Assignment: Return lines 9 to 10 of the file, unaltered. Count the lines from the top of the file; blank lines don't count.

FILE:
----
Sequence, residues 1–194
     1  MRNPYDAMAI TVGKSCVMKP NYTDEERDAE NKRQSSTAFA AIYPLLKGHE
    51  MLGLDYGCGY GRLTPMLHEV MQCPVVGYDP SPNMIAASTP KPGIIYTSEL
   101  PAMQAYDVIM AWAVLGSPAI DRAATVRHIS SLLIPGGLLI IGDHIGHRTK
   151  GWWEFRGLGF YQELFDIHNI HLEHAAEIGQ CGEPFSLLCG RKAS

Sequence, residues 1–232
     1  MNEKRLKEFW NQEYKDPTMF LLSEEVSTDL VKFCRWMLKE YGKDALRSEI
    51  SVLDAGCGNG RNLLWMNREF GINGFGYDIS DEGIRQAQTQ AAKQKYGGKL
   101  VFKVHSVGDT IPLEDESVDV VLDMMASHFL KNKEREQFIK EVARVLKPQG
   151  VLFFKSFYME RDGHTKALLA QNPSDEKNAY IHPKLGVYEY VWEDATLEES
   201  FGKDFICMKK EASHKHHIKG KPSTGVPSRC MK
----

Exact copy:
   101  VFKVHSVGDT IPLEDESVDV VLDMMASHFL KNKEREQFIK EVARVLKPQG
   151  VLFFKSFYME RDGHTKALLA QNPSDEKNAY IHPKLGVYEY VWEDATLEES